Fun fact: this was one of the book club picks for the Spinster Book Club that I am a member of! It’s run by Lydia at Something LikeLydia and the goodreads link is here if it sounds like something that interests you! 🙂
Title: Lies We Tell Ourselves
Author: Robin Talley
It’s 1959. The battle for civil rights is raging. And it’s Sarah Dunbar’s first day of school, as one of the first black students at the previously all-white Jefferson High. No one wants Sarah there. Not the Governor. Not the teachers. And certainly not the students – especially Linda Hairston, daughter of the town’s most ardent segregationist. Sarah and Linda have every reason to despise each other. But as a school project forces them to spend time together, the less their differences seem to matter. And Sarah and Linda start to feel something they’ve never felt before. Something they’re both determined ignore. Because it’s one thing to be frightened by the world around you – and another thing altogether when you’re terrified of what you feel inside.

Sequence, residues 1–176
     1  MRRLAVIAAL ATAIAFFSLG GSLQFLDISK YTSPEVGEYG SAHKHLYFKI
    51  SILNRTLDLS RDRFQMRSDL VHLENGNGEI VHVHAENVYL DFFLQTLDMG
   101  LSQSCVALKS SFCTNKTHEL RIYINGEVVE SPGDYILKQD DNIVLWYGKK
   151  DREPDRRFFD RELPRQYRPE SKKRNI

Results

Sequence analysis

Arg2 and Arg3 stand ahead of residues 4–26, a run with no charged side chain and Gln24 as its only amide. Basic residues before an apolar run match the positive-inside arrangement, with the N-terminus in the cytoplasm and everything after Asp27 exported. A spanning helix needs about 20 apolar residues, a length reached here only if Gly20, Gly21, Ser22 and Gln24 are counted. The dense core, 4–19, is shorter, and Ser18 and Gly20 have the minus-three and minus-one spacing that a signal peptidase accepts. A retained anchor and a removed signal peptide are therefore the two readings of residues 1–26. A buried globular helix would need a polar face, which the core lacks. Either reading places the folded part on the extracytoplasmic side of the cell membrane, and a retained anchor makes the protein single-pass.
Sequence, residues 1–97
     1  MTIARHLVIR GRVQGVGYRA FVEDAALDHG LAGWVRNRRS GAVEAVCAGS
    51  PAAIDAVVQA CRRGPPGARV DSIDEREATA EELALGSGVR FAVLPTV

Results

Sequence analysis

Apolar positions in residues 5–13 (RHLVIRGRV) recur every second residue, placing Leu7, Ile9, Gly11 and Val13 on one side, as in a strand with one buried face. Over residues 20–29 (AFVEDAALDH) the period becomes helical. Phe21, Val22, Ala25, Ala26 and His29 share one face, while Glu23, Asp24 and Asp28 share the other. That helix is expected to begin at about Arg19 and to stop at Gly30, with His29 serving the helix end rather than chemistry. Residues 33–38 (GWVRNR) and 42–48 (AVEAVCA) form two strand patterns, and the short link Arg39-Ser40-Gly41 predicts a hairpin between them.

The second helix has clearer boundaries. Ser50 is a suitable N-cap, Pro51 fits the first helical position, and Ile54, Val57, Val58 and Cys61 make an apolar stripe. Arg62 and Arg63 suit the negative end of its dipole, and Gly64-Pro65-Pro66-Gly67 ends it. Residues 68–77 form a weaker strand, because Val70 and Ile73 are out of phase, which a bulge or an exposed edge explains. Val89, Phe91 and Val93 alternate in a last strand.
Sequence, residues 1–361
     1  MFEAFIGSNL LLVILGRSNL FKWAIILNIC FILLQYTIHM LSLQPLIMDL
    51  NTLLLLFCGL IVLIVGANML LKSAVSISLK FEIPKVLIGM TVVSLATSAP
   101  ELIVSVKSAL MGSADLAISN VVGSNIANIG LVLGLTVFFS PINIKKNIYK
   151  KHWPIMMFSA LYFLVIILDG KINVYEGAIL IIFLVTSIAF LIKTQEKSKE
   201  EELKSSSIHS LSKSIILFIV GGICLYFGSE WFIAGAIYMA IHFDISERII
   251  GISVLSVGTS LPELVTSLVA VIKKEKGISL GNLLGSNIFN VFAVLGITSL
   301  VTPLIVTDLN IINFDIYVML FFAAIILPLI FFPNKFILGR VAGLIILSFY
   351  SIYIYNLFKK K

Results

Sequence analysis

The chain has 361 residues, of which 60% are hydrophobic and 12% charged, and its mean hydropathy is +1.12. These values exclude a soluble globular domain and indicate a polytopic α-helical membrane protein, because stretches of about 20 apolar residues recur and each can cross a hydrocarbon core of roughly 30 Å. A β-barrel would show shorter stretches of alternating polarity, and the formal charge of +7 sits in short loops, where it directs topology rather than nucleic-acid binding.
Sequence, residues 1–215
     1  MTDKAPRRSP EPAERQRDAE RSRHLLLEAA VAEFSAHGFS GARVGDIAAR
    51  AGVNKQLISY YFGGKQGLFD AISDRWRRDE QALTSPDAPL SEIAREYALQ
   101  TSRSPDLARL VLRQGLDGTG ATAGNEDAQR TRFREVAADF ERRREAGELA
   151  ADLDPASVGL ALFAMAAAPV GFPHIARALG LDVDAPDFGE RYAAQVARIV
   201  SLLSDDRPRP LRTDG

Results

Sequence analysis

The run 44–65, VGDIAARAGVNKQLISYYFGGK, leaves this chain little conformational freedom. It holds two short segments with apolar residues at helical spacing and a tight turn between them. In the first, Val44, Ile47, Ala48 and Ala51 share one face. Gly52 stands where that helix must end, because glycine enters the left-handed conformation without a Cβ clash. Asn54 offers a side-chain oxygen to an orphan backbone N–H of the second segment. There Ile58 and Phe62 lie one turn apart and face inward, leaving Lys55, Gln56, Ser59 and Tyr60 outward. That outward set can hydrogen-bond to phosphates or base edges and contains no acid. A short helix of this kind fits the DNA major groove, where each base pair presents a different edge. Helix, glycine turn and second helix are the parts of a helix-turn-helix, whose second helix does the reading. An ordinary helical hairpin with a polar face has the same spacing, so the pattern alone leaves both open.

I wish I could write books like this. This is an incredible debut from Robin Talley. From the first page, I was hooked. All I wanted to do was continue reading about these characters. This is what a really great coming-of-age novel looks like. Talley weaves a handful of themes such as racism, sexuality, religion, family,relationships and position of power into a 350 page book. I really liked that the book is told in alternating points of view between Sarah and Linda, because you can see how both characters react to particular situations. I found they often paralleled each other which made their relationship development a whole lot more effective. I also really enjoyed their character development. Sarah and Linda are both flawed and curious characters as they try to understand the world they’re living in. And why things are the way they are.
I will say though, from the blurb, it seems like the love story is the main focus but, for me at least, I didn’t think so. Not to say it’s not an important part of the book but I get that in a lot of YA novels the stereotype seems to be that romance is the main focus of most YA novels and in this case it isn’t. It’s a really well written book. It packs such an emotional punch. I wish I could say more but I’m worried of spoiling. This book deserves the hype it has, I highly recommend this book.
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